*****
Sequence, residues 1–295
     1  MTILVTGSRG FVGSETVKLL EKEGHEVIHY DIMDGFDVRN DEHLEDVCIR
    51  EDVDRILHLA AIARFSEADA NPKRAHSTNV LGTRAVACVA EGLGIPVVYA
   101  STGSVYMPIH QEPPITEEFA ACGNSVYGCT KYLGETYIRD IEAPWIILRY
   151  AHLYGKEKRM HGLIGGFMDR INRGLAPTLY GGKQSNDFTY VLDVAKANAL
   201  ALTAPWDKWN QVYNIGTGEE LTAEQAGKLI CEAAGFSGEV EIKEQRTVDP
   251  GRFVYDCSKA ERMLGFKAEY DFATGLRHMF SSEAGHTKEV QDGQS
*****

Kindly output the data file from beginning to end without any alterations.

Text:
Sequence, residues 1–295
     1  MTILVTGSRG FVGSETVKLL EKEGHEVIHY DIMDGFDVRN DEHLEDVCIR
    51  EDVDRILHLA AIARFSEADA NPKRAHSTNV LGTRAVACVA EGLGIPVVYA
   101  STGSVYMPIH QEPPITEEFA ACGNSVYGCT KYLGETYIRD IEAPWIILRY
   151  AHLYGKEKRM HGLIGGFMDR INRGLAPTLY GGKQSNDFTY VLDVAKANAL
   201  ALTAPWDKWN QVYNIGTGEE LTAEQAGKLI CEAAGFSGEV EIKEQRTVDP
   251  GRFVYDCSKA ERMLGFKAEY DFATGLRHMF SSEAGHTKEV QDGQS